Female loyalists occupied a nearly impossible position during the American Revolution. Unlike their male counterparts, loyalist women were effectively silenced—unable to officially align themselves with either side or avoid being persecuted for their family ties. In this book, Kacy Dowd Tillman argues that women’s letters and journals are the key to recovering these voices, as these private writings were used as vehicles for public engagement. Through a literary analysis of extensive correspondence by statesmen’s wives, Quakers, merchants, and spies, Stripped and Script offers a new definition of loyalism that accounts for disaffection, pacifism, neutralism, and loyalism-by-association. Taking up the rhetoric of violation and rape, this archive repeatedly references the real threats rebels posed to female bodies, property, friendships, and families. Through writing, these women defended themselves against violation, in part, by writing about their personal experiences while knowing that the documents themselves may be confiscated, used against them, and circulated.
"Stripped and Script breaks new ground by introducing a framework for interpreting a collection of worthwhile authors and texts that demonstrate the variety and vitality of manuscript writing in the eighteenth century."—Desirée Henderson, author of Grief and Genre in American Literature, 1790–1870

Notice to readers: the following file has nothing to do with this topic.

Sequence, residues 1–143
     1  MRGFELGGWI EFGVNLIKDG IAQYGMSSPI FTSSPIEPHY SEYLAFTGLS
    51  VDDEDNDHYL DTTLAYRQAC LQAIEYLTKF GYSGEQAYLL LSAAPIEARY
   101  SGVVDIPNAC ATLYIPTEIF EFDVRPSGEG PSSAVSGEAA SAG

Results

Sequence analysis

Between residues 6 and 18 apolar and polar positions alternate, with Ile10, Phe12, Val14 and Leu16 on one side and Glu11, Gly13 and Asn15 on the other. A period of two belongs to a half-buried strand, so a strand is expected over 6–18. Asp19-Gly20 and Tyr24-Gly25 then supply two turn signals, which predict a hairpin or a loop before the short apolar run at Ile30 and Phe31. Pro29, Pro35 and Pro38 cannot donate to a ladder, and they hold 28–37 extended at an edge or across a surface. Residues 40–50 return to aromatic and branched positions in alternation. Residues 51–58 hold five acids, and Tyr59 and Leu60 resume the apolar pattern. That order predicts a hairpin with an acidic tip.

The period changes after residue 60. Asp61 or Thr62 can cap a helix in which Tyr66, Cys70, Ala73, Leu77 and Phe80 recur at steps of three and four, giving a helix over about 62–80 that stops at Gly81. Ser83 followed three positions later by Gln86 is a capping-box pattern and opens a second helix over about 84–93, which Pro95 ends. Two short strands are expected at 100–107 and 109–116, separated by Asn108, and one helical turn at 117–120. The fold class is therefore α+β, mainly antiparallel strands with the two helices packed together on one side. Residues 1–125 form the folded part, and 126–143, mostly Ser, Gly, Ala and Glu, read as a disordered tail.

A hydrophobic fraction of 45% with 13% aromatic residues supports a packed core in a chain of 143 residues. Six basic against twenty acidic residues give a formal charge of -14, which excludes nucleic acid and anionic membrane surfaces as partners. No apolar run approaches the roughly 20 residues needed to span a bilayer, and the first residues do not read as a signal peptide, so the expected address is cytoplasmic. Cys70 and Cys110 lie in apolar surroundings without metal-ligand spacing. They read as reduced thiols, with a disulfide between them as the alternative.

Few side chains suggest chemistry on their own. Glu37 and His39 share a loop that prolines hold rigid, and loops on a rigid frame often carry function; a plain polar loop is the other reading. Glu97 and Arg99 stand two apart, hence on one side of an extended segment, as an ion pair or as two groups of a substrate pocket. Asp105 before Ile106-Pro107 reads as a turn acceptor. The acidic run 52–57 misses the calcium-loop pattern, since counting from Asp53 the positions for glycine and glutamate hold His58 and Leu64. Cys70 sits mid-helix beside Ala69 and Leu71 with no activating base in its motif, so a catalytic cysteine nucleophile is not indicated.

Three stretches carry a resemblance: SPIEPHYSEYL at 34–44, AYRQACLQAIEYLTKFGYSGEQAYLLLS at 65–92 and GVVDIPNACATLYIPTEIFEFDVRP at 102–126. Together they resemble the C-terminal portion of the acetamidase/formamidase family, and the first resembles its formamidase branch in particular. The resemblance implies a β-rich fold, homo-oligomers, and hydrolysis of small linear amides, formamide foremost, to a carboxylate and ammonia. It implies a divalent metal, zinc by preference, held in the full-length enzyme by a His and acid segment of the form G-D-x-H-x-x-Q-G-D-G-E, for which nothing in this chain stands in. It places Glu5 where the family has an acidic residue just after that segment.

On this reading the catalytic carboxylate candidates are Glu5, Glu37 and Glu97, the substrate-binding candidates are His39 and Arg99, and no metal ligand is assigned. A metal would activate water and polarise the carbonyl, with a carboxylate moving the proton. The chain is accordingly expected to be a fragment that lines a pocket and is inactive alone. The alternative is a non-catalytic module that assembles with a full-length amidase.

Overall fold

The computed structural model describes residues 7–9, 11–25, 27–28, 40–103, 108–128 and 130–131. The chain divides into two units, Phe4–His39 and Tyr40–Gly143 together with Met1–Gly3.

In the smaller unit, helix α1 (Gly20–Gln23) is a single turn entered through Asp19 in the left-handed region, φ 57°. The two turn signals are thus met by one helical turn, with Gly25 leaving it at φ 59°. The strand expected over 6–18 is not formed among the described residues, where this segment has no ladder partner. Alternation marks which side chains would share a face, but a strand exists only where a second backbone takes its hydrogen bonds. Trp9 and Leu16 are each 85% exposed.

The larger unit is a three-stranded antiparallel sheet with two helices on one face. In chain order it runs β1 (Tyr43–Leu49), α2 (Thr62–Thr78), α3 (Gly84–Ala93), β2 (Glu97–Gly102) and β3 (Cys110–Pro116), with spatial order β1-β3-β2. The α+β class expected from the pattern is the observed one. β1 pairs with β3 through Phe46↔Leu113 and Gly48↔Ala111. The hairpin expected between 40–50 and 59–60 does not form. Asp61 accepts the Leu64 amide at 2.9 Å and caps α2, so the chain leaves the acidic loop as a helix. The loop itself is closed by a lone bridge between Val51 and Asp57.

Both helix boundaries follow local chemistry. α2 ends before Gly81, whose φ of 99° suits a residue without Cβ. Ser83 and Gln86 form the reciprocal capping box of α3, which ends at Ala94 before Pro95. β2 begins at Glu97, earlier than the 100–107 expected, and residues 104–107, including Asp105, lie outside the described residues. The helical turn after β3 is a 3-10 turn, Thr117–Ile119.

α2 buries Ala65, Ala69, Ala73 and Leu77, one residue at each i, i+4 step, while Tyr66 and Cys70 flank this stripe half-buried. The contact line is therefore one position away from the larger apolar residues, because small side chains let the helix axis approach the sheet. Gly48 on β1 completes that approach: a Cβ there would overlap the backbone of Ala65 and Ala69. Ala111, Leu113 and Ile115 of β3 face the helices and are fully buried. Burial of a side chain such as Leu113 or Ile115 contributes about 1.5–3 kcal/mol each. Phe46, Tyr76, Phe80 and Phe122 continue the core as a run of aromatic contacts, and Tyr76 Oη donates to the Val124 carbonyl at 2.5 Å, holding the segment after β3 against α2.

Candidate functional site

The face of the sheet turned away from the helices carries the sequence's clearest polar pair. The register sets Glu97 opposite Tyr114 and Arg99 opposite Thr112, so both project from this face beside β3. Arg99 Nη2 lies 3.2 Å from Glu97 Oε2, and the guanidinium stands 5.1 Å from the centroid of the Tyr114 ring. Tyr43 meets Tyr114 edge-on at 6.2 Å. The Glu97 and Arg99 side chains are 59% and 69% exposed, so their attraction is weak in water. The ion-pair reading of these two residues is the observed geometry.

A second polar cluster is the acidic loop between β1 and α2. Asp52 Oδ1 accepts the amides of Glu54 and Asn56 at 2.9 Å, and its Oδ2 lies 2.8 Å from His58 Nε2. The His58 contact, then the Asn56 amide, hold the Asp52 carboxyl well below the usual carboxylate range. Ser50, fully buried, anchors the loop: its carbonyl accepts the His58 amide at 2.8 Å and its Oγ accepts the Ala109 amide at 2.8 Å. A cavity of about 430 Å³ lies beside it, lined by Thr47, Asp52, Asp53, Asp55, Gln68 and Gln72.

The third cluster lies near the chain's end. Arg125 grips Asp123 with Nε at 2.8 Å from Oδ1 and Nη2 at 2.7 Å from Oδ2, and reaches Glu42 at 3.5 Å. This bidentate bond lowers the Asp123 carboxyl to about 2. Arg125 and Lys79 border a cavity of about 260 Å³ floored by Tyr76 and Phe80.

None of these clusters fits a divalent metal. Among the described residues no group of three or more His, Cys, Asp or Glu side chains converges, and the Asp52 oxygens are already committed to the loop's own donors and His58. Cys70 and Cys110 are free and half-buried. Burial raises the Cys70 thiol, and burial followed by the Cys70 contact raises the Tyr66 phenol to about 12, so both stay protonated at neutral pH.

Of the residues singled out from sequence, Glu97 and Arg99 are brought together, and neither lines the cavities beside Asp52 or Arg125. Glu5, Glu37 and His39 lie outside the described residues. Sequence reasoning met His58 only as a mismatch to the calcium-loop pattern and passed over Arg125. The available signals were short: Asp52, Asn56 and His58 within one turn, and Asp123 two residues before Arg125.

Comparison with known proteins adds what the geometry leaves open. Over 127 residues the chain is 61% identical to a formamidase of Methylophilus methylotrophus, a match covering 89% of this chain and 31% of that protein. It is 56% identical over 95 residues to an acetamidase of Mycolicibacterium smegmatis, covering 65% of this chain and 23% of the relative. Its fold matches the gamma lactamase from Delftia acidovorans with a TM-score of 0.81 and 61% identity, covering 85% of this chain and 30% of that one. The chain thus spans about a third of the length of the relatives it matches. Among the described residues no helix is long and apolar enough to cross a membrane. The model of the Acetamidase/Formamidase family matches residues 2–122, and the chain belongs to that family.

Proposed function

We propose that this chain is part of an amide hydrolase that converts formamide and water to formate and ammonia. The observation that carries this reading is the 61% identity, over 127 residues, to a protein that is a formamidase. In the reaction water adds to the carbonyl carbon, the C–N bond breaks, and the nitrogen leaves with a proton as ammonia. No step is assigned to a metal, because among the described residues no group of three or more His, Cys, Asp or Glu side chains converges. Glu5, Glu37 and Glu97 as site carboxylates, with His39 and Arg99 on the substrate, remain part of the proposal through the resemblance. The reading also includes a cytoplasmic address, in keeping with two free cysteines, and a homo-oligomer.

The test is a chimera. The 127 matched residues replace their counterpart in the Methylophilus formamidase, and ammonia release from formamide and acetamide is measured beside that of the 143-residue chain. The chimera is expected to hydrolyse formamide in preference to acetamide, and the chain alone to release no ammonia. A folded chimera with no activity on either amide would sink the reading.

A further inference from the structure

"Stripped and Script makes a significant contribution to the fields of early American literature, personal writings, women’s history, and Revolutionary War history. Tillman closely examines a trove of archival material, giving it coherence by looking at it through the lens of rhetorical performance in the context of the Revolutionary War."—Karen A. Weyler, author of Empowering Words: Outsiders and Authorship in Early America
"Tillman’s deft and sympathetic readings foreground the women's fascinating individual stories. In illuminating the political perspicacity and generic ingenuity of these women, Tillman’s book reminds one of how easily the voices of dissent can be obscured in the push to craft a unifying national story"—CHOICE